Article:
“The embassy will follow up on the incident and its circumstances with the concerned British authorities and work on speeding up the handover of the bodies of the victims to the kingdom for prayer and burial,” the ambassador said in a statement tweeted by the embassy late Friday.
Police say a pilot and three passengers died when an executive jet crashed into a parking lot and burst into flames while trying to land at Blackbushe Airport in southern England Friday afternoon. The plane had been flying from Malpensa Airport in Milan.
No one on the ground was hurt. Police and the Air Accidents Investigation Branch launched a joint investigation. Blackbushe Airport said the Embraer Phenom 300 jet crashed near the end of the runway while trying to land at the airfield about 40 miles (65 kilometers) southwest of London, which is used by private planes and flying clubs.
Andrew Thomas, who was at a car auction sales center based at the airport, told the BBC that “the plane nosedived into the cars and exploded on impact.” He said he saw the plane and several cars in flames.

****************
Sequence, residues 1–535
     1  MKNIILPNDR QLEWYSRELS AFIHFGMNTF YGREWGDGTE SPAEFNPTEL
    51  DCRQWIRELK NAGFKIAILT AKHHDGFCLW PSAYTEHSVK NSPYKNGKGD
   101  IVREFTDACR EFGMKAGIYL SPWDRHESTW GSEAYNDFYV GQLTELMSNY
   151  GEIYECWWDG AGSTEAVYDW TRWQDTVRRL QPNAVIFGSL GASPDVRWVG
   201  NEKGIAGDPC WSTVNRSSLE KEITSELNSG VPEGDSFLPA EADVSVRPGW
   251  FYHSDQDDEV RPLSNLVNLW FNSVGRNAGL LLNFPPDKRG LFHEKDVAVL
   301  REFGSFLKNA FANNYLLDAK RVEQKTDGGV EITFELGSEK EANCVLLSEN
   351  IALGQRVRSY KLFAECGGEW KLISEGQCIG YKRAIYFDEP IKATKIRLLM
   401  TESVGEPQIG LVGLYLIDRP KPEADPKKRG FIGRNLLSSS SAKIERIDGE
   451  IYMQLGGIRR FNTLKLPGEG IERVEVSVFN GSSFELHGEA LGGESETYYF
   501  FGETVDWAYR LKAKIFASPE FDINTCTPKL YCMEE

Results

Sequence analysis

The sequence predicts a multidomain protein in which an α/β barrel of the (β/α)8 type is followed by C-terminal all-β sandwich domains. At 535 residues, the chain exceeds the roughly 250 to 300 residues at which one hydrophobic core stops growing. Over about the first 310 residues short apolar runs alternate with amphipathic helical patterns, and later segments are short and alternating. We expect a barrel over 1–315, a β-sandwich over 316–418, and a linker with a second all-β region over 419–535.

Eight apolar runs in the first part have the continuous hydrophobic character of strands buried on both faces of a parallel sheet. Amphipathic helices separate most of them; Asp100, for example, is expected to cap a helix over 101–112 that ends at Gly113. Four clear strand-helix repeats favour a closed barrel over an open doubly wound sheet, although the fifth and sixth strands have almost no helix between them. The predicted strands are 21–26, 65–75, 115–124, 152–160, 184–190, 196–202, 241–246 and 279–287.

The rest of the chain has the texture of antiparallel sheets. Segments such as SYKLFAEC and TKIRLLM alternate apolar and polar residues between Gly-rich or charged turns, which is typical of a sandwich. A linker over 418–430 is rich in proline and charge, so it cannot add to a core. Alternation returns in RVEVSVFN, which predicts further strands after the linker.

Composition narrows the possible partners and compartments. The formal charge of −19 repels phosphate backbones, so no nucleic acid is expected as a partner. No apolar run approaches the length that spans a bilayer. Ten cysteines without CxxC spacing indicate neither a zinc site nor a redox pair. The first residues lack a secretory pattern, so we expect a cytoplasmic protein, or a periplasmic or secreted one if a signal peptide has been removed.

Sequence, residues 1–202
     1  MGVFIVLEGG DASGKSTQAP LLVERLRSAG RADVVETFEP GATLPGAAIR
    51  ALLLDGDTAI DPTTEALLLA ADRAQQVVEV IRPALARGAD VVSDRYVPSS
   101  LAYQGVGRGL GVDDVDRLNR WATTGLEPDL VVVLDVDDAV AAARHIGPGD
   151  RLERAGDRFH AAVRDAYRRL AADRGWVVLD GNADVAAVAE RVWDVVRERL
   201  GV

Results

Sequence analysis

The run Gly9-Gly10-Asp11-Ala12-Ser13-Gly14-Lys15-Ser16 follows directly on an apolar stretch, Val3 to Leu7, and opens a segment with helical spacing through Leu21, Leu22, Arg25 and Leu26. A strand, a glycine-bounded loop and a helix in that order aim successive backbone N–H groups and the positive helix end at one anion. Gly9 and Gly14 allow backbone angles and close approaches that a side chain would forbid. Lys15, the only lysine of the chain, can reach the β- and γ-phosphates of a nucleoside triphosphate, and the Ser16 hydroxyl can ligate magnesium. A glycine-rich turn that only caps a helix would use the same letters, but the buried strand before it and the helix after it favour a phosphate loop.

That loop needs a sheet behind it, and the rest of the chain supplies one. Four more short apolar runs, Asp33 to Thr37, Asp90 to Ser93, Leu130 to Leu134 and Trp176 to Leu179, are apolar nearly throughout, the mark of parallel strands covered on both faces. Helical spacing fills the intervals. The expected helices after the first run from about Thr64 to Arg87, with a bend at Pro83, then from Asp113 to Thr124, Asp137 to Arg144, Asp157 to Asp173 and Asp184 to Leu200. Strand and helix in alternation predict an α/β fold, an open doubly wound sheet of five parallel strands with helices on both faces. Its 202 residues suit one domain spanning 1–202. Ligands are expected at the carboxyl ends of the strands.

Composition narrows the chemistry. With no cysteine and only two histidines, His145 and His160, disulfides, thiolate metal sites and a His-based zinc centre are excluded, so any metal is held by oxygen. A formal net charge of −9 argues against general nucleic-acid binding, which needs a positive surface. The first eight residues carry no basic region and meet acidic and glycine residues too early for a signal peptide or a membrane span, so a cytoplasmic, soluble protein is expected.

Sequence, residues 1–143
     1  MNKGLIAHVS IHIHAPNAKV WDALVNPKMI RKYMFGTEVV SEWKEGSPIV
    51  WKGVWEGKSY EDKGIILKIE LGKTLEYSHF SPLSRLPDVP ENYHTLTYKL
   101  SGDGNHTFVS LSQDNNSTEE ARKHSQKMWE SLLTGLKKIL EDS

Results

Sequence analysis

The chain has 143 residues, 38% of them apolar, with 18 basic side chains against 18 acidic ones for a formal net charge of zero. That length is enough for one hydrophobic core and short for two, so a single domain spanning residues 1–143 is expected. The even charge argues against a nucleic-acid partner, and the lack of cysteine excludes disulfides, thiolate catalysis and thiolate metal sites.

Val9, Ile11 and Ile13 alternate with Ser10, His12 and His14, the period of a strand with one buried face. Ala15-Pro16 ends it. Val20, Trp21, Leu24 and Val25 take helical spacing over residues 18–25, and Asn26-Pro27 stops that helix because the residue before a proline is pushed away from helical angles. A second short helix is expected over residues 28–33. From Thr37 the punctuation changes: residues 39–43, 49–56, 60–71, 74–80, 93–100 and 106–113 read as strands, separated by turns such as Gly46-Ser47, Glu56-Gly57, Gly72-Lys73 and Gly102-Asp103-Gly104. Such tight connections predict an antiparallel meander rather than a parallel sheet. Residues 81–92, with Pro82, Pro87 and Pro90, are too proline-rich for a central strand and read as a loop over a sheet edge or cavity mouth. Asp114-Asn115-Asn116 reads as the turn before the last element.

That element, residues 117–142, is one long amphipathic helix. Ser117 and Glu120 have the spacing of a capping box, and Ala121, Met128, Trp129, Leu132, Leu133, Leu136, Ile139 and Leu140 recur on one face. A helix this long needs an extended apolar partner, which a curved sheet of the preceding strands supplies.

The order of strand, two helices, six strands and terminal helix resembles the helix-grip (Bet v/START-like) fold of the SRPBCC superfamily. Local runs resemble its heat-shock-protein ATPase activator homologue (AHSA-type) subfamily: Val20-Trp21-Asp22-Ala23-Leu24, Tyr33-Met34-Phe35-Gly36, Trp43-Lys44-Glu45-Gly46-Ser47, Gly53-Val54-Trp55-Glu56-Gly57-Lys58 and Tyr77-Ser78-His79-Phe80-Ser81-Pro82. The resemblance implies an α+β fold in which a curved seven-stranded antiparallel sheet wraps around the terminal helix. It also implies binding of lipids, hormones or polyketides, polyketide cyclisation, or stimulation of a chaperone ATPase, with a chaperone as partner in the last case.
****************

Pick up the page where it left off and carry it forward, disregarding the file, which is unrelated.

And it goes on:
The official Saudi Press Agency earlier identified the plane as Saudi-owned without mentioning the bin Ladens. It said a Saudi official would work with British authorities in investigating the crash. The plane’s pilot was Mazen Salem al-Dajah, a Jordanian in his late 50s. His brother Ziad told The Associated Press that al-Dajah’s family had been told of his death by a representative of the bin Laden family’s corporation. He said al-Dajah received his pilot’s license in California about 25 years ago and had been employed by the bin Laden family.
The bin Laden family disowned Osama in 1994 when Saudi Arabia stripped him of his citizenship because of his militant activities. The al-Qaida leader was killed by U.S. special forces in Pakistan in 2011.
The family is a large and wealthy one. Osama bin Laden’s billionaire father Mohammed had more than 50 children and founded the Binladen Group, a sprawling construction conglomerate awarded many major building contracts in the Sunni kingdom.
Mohammed bin Laden died in a plane crash in Saudi Arabia in 1967. One of his sons, Salem, was killed when his ultralight aircraft flew into power lines in San Antonio, Texas, in 1988.
Gambrell reported from Cairo. Associated Press writers Maamoun Youssef in Cairo and Omar Akour in Amman, Jordan contributed to this report.